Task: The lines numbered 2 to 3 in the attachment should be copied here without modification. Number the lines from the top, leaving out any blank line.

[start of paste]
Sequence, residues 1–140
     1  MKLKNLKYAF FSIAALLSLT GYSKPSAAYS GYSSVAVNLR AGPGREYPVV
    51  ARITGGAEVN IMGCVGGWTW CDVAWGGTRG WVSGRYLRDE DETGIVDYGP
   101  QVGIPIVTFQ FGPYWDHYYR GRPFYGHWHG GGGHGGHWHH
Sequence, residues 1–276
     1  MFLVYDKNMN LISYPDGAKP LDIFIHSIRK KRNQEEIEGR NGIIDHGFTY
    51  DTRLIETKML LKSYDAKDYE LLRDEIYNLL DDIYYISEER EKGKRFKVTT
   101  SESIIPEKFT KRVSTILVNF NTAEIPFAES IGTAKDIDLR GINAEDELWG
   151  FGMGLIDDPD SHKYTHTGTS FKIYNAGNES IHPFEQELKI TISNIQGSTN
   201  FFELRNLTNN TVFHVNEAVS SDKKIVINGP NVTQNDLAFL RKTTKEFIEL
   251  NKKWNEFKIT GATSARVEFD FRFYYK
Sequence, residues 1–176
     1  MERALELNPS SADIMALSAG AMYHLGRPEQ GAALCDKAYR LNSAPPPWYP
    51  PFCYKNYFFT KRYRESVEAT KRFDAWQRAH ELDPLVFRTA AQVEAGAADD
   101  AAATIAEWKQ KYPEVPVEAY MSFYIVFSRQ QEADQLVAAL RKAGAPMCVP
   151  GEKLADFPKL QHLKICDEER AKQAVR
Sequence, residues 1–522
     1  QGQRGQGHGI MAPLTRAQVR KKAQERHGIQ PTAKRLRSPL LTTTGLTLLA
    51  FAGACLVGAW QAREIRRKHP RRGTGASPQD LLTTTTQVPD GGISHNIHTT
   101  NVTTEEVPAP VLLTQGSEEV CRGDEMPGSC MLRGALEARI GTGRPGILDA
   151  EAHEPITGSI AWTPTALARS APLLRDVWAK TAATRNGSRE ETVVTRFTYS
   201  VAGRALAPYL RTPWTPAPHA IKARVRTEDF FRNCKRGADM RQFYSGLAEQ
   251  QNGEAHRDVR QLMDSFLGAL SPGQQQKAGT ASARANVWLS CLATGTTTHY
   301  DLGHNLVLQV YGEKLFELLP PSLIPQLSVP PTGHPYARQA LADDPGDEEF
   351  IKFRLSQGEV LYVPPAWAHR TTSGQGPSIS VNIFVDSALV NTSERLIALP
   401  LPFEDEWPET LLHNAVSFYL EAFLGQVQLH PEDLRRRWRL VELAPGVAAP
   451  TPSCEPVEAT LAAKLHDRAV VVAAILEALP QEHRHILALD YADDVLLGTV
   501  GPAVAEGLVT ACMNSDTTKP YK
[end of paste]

     1  MKLKNLKYAF FSIAALLSLT GYSKPSAAYS GYSSVAVNLR AGPGREYPVV
    51  ARITGGAEVN IMGCVGGWTW CDVAWGGTRG WVSGRYLRDE DETGIVDYGP